* Note that if you are not logged in as root you will need to prefix this with sudo

                  * The dd command does not give any information of its progress and so may appear

                     to have frozen. It could take more than five minutes to finish writing to the

                     card. If your card reader has an LED it may blink during the write process, or

                     you can run pkill -USR1 -n -x dd in another terminal (prefixed with sudo if you

                     are not logged in as root).

            7.  As root run the command sync or if a normal user run sudo sync (this will ensure the

                 write cache is flushed and that it is safe to unmount your SD card)

            8.  Remove SD card from card reader, insert it in the Raspberry Pi, and have fun

              • Re: question about the Debian preloaded SD card
                ykwong

                Thanks Gary.
                I am going to copy and paste your instruction to an rtf file first and make a hardcopy so that I can cross-reference when I am trying out the dd approach.

                • Re: question about the Debian preloaded SD card
                  ykwong

                  Why do I use pkill? 

                  Should I use ps to monitor the progress?

                    • Re: question about the Debian preloaded SD card
                      gdstew

                      Hi,

                       

                      The use of dd is not as complicated as the instructions seem to indicate. It really boils down to this:

                       

                      1) Make sure you know which device (in /dev directory) the SD card is before you read or write to it with

                          dd. This is critical because dd will overwrite everything on the device you use.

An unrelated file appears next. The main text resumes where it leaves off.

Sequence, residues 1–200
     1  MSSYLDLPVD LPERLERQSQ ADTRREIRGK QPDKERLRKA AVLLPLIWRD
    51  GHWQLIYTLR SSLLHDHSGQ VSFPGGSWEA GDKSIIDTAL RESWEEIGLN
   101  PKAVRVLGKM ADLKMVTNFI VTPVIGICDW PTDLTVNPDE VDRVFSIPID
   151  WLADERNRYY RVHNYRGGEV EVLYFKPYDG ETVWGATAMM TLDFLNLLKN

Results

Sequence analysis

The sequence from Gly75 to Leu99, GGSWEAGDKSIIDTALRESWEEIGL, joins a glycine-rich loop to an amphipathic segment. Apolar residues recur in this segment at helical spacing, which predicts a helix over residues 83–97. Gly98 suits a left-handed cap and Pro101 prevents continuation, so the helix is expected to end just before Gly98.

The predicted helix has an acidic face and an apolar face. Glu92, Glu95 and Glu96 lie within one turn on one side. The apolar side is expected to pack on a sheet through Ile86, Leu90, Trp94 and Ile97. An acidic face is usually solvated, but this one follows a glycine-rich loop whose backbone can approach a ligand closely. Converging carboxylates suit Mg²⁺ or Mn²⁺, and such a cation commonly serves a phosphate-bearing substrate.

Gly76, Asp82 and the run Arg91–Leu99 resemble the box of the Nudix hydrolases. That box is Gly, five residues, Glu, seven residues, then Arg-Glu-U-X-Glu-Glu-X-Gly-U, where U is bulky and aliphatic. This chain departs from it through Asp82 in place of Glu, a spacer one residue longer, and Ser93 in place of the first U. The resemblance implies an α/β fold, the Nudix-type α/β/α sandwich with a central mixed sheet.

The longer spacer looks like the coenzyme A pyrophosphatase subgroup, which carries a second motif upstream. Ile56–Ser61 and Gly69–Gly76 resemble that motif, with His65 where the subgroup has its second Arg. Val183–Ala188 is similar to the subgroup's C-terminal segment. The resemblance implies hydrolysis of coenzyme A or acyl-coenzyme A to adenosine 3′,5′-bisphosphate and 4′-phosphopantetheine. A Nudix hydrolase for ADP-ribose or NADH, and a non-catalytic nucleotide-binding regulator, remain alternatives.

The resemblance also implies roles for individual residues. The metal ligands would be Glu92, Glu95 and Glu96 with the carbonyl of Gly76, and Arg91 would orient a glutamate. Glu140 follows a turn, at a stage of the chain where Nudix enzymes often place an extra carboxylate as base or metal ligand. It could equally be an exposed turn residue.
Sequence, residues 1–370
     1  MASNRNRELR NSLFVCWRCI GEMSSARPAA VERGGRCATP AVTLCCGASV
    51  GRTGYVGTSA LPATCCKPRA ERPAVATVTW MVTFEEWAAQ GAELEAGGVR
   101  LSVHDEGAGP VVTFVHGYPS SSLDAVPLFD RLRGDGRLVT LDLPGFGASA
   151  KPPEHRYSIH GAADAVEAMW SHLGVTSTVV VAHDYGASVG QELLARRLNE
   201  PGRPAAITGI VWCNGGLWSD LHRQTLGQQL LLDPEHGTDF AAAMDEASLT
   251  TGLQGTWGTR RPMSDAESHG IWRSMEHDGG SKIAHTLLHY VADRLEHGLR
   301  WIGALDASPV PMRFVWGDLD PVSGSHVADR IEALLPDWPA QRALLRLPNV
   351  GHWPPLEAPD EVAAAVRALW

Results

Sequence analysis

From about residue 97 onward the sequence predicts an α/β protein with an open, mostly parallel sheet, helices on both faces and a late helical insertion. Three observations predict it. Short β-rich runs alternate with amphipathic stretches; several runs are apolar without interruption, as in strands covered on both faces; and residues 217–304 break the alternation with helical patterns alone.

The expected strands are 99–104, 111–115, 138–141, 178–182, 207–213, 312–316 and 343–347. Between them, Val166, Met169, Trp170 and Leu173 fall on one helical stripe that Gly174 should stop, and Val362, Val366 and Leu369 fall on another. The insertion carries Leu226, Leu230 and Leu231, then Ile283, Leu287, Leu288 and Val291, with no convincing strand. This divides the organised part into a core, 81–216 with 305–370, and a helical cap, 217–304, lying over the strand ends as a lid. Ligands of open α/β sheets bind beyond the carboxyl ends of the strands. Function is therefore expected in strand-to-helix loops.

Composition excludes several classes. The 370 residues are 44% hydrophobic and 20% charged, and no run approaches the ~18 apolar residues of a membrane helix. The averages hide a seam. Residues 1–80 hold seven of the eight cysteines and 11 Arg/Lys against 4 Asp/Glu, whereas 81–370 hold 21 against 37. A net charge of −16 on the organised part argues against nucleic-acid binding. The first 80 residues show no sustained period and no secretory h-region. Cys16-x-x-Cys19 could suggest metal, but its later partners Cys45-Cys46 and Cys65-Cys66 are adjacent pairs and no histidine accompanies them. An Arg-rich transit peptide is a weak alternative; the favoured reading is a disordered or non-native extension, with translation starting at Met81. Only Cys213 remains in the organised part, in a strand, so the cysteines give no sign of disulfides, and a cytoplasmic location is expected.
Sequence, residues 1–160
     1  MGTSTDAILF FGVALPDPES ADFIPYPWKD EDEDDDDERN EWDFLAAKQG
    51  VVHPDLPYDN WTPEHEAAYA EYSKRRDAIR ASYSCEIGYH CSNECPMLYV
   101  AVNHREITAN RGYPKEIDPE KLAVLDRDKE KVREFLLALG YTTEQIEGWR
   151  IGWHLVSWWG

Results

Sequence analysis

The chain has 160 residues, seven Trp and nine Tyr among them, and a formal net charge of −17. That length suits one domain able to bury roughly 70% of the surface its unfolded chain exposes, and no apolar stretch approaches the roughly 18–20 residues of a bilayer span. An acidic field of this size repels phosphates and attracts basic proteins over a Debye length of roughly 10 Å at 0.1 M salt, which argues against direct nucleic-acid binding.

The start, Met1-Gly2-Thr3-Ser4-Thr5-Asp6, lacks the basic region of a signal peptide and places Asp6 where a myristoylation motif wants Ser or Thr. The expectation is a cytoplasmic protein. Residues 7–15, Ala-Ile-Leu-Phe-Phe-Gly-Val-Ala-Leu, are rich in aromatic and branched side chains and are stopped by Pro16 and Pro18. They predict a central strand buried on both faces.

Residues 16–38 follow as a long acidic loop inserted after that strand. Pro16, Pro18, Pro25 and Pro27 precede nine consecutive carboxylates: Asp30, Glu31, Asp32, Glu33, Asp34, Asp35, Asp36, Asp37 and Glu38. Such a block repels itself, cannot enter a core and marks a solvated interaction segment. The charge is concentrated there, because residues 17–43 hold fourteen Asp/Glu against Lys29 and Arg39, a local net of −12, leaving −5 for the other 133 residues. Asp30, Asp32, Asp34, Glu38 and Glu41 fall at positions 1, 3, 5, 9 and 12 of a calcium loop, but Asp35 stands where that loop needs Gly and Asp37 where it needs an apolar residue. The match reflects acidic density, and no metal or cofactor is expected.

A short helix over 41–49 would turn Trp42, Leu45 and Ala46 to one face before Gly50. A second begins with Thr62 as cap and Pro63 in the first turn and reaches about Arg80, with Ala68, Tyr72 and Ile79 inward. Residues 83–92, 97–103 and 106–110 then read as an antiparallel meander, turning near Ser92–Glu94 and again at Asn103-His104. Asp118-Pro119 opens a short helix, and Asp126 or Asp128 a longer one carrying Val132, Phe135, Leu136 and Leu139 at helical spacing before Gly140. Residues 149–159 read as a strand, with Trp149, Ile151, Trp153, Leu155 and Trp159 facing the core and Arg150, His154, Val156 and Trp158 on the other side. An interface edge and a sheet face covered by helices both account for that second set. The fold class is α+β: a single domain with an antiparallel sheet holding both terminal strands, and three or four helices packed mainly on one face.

2) Make sure the device is not mounted before you use dd.

                      3) Make sure you read/write the device itself, not a partition on the device.

                      4) dd will take several minutes to write a 2GB image to an SD card. I've never timed it but I'm fairly certain

                           that it is somewhere between 5 and 10 minutes on a class 10 SD card. Other SD devices are slower

                           than this so it will vary. Reading the image is much faster.

                       

                      I have used this procedure to do exactly what you are trying to do several time with no problems. dd will

                      write a message to the console showing how many blocks were read or written when it finishes so you will

                      know when it is done. I have never needed to use pkill which is intended to be used if dd hangs up which

                      hasn't happened to me so far. You can monitor dd with ps but to do so you will either have to run dd in the

                      background (add an & at the end of the dd command), or open a different terminal for the ps command. If

                      you run dd in the background it will not write any messages to the console when finished.